Someone accused me of disliking Piper Cubs simply because I’m an Aeronca snob. Not true … mostly. I’ve adored Cubs since I first saw a J-3 levitate off Ramapo, New York Airport on an unstable spring morning when I was an unstable kid. Making little forward progress, it dangled as though suspended by a stray thought from indifferent clouds. I was too young to fly, let alone own a real Cub, so I built a balsa and tissue model slathered in dope with plans to hang it from my bedroom ceiling. Then, because I was 11, unblessed with artistic skills and had not assembled it in a well-ventilated room, the result was a knock-kneed dragonfly instead of the iconic trainer that taught my parents’ generation to fly. No recourse but to tape an M-80 to its belly and blow that dream away.
Years later in California, I watched a swarm of J-3s descend over the Santa Cruz Mountains and land in formation like rebellious mayflies on the grass runway that technically didn’t exist at Watsonville Muni According to FAR 91.007, though, Cubs are a protected species and permitted to land wherever. The allure was back.
In 1982 I found a 1946 J-3 that promised to be everything my imagination conjured: slow, breezy, and possessing the distilled essence of pure flight. Unfortunately, the seller wanted an impure $10,000, twice what I would later pay for a 7AC Champ. Same age with a mid-time 65-HP Continental engine, both had tandem seating and passable fabric, but the Champ was mine for $5000 borrowed from a guy in a Salinas bowling alley for only two points over the vig. Since then, I’ve noticed that J-3s maintain that two-Champs-for-the-price-of-one-Cub ratio. Although, two Champs don’t make a Cub, any more than two Studebaker Larks make an Avanti. Both fine, but image commands a premium.
Besides J-3s, I’ve flown PA-18 Super Cubs, a PA-11 Cub Special and my favorite, although not labeled a Cub, the PA-12 Super Cruiser—all tandem-seat, tailwheel Pipers. Usually, the J-3 is the only one placarded with Rear Seat For Solo Flying. Champs you solo from the front, as nature intended. I’d never instructed in a J-3, so it was with a hint of overreach that I recently agreed to give dual to the new owner of a 1940 Piper Cub. He was an experienced pilot with a previous tailwheel endorsement but little time in make and model, so insurance demanded training from someone resembling a Cub instructor.
Near sunset. The hangar’s one-piece door swung open like curtain-up at the Met. Instead of an opera diva caterwauling from center stage, the jaundiced Cub silently beckoned from the shadows, and inside my head—where this fantasy was getting way out of control—a pipe organ struck a slightly ominous minor chord from Bach’s Ode To Effusion (Johann Christian, not Richard). Passion inflamed, I jumped into the front seat.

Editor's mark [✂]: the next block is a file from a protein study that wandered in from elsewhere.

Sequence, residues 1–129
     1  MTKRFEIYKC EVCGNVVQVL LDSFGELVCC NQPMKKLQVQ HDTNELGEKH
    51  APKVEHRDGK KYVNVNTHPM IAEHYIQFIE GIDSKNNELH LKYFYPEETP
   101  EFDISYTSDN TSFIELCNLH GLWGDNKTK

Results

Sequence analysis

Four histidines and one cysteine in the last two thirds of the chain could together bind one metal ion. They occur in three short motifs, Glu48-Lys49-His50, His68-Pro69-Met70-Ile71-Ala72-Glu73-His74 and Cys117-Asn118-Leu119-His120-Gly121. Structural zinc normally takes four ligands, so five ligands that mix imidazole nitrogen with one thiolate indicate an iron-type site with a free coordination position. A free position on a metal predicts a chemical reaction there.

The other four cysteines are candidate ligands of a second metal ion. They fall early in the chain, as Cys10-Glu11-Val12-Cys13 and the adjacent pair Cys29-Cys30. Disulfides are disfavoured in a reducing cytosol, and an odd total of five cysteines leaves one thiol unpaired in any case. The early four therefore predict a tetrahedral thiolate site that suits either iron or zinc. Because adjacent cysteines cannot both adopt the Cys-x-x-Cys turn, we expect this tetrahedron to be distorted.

Except, I didn’t.
Picture forcing a rusted Slinky up a spiral staircase. I dragged my tail along the clamshell lower doorframe and heading to the front row, hooked my left leg over the forward seatback, leaving my right foot inextricably wedged into the exterior, U-shaped step. I resembled a city kid going for his first pony ride at Math and Grammar Camp in the Catskills. Having never flown a J-3 from the front, I now doubted if it was possible, let alone wise, for adults to occupy that seat. Children, sure; let them sit with knees inches from the gas tank. Dogs even, but modern-sized adults? I had my doubts.
Someone unhooked my right foot from the step and pretzeled my leg into the cabin with the gentleness of a sadistic chiropractor. The airplane rocked as my client slid into the rear seat, while I groped for the lap belt tangled around the backseater’s rudder pedals, extending laterally from my hips. Once in motion, his footwork felt as though he’d worked his size-11 sneakers into my pockets. To that Rear Seat For Solo Flying placard, I’d suggest adding: Front Seat Occupants Must Be No Wider Than a Box of Grape Nuts.
Subsequent flights—and a review of AC 90-109A, Transition to Unfamiliar Aircraft—have shown that CFIs can more gracefully enter the cabin by stepping onto the right main, do a half-pike butt slide, then by swinging ape-like from the overhead tubing, enter the front seat with a trace of dignity intact. Mind the joystick. Reverse the process to nail the dismount. Judges penalize for stepping on wing struts.
Whining aside, I was finally learning how to instruct in a J-3 Cub. And, yes, for all the pain getting to that front row, it proved just as uncomfortable as other 1940s airplane seats: Taylorcraft, Funk, Luscombe. That’s OK, because it’s a privilege to fly the classics, and pain distracts from the Cub’s limited forward visibility. If you want an unobstructed view, consider a Bell 47 helicopter, but forward visibility is overrated. If the rear-seat pilot can’t see over the nose, why should the instructor? S-turns while taxiing allow glimpses of what’s approaching, and pedestrians should know to stay clear. Hint to ramp rats: If you can’t see the pilots’ eyes, they can’t see you. Quit waving those silly wands.
The Piper Cub isn’t the perfect airplane but deserves being the name non-pilots associate with general aviation. I don’t dislike J-3 Cubs, far from it. I’m flattered when my Champ is mistaken for one. Like calling a Mets player a Yankee. Back in the day, anyhow. I just don’t care for Cub front seats, and pilots shouldn’t be up there. To prove it, fly one alone from the back while fulfilling a kidhood fantasy, and if it doesn’t make you giggle, then there’s a Studebaker Lark waiting to take you to a recliner in the pilots’ lounge. There, you can argue with fellow loungers about the quality of today’s airplane dope or the nuances of FAR 91.007, which admittedly doesn’t exist. But who wants reality when fantasy offers better options?